Today, Bill talks about using an “exoself” to be a better writer or coder, including a simple laundry list of tools you need – whether in software or on paper – to be more effective and productive.
Know thy (exo)self: tools and techniques to help knowledge workers be more productive with less stress.
As always, please leave your questions and comments below. Also, here’s a slight webliography of sites that might help:
- Life is 90% of my use-cases for org-mode: My personal journey to productivity as a technical author, which has helped me ghostwrite dozens of technical and business books, and which keeps me sane as I navigate the world of FOSS documentation.
- Cal Newport’s Deep Life site: It all started with a book called “So Good They Can’t Ignore You” and grew into a movement. As a (white-hat) cyberpunk, I don’t subscribe to everything he shares (“digital minimalism”), but he has a lot of really good points about focused work.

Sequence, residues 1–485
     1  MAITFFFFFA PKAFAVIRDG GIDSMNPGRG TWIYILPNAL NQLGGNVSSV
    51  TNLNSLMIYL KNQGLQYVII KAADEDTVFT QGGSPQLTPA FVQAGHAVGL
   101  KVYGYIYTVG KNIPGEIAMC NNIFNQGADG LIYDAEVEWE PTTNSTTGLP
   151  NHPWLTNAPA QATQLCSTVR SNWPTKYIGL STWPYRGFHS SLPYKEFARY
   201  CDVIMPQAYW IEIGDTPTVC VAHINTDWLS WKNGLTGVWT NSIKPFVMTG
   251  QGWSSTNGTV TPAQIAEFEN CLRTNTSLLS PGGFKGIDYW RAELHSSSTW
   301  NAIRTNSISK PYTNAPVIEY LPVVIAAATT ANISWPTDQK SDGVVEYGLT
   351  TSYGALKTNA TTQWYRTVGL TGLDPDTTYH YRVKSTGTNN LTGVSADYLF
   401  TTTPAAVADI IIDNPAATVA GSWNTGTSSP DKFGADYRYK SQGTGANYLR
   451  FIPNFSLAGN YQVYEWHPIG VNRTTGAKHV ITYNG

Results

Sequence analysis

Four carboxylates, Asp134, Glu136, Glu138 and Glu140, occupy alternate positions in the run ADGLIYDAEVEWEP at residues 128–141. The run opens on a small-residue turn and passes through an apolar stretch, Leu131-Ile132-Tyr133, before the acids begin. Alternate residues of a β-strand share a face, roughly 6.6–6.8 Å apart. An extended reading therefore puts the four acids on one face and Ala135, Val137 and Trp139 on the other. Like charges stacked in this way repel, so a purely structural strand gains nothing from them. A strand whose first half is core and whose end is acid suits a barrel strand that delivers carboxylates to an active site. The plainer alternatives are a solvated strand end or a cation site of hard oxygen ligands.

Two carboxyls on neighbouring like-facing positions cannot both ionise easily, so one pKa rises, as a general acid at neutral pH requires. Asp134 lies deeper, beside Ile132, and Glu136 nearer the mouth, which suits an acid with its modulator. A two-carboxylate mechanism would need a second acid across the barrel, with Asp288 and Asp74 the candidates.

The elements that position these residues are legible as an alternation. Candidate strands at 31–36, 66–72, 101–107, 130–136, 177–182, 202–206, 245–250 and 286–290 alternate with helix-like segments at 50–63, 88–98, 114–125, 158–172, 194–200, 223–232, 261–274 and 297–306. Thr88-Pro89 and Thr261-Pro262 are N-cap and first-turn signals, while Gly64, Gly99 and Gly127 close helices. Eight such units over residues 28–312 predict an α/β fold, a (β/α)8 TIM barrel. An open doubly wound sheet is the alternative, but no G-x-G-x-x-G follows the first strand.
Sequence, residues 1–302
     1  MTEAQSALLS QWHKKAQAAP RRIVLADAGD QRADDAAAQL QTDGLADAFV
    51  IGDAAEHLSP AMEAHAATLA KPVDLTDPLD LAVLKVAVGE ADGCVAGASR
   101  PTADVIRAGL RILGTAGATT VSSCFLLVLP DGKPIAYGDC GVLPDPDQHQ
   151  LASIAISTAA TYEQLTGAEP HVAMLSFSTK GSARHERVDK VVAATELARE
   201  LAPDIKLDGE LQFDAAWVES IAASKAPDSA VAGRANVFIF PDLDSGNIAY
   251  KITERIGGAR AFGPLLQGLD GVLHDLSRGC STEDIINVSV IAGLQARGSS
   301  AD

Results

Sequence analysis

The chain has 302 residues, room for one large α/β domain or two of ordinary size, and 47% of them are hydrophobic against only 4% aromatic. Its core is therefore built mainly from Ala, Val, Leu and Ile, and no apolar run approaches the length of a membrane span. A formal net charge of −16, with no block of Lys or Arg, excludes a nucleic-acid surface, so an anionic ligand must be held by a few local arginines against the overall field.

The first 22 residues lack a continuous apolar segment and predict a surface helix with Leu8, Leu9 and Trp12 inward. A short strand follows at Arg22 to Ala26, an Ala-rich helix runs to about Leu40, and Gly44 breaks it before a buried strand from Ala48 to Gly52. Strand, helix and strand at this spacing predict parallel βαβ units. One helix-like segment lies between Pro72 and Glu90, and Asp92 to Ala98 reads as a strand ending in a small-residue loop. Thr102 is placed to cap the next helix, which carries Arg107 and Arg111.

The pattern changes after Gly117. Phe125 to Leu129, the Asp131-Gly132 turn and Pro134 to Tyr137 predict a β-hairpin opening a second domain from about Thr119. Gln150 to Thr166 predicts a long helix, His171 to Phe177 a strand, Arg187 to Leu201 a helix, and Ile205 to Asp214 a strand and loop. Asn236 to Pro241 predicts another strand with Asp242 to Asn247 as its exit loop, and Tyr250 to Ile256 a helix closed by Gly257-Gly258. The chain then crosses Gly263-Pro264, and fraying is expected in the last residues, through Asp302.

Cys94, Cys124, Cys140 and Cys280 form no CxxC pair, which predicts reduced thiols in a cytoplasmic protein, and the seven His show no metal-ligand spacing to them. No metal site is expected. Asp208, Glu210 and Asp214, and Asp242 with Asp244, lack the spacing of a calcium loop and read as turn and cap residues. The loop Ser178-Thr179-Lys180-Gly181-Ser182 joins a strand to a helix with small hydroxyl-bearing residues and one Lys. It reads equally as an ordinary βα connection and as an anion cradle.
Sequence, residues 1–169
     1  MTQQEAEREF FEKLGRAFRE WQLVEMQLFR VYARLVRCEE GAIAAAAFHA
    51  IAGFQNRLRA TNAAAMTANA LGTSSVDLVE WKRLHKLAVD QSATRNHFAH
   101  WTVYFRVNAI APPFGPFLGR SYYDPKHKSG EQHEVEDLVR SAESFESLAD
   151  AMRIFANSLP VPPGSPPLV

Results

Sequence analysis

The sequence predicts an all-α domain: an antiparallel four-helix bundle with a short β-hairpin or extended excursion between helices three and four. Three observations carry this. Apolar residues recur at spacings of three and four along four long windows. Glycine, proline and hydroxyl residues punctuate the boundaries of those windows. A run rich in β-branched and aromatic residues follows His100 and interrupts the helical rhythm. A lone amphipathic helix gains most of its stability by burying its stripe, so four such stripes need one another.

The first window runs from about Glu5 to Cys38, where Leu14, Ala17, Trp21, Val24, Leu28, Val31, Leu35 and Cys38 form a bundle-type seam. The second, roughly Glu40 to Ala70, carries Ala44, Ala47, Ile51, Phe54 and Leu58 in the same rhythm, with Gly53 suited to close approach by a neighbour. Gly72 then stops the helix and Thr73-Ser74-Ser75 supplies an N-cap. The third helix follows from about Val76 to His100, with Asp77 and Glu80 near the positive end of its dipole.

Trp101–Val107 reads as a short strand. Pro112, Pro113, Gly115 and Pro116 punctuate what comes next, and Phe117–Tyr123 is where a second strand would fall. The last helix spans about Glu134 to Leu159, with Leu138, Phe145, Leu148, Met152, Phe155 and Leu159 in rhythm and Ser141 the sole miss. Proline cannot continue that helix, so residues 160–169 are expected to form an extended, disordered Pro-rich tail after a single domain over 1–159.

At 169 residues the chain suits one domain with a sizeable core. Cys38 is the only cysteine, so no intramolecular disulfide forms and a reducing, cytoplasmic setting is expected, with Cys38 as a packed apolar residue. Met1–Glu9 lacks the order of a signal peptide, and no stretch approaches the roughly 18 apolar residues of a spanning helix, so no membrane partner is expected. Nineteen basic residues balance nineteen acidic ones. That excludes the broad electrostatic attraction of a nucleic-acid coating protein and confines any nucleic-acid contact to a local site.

- The Org-Mode site: Just in case you’re an emacs user, like me, you may find org-mode helps you keep your life on track.
- The Bullet Journal: Speaking of digital minimalism, you can do exactly what I’m doing, with the same productivity gains, with pencil and paper; having a specially-designed journal like this helps a lot. I used to use these before there was org-mode.
- Timeboxing (HBR): This is one of the better sites on timeboxing. What I didn’t show in my list is that certain things are on the calendar at a specific time (like lunch), even though they almost never get done at that time – it’s about reserving the time, so you don’t lose the task in the fog.
- Motion: A lot of my colleagues have recommended this tool, and after looking at it, I probably would use it if I weren’t already so heavily invested in emacs. This tool seems to have the same mad skills as a DOS tool I once used (during the Jurassic period) that automatically shifts your schedule around based on estimates versus actuals versus unplanned tasks. Worth a look.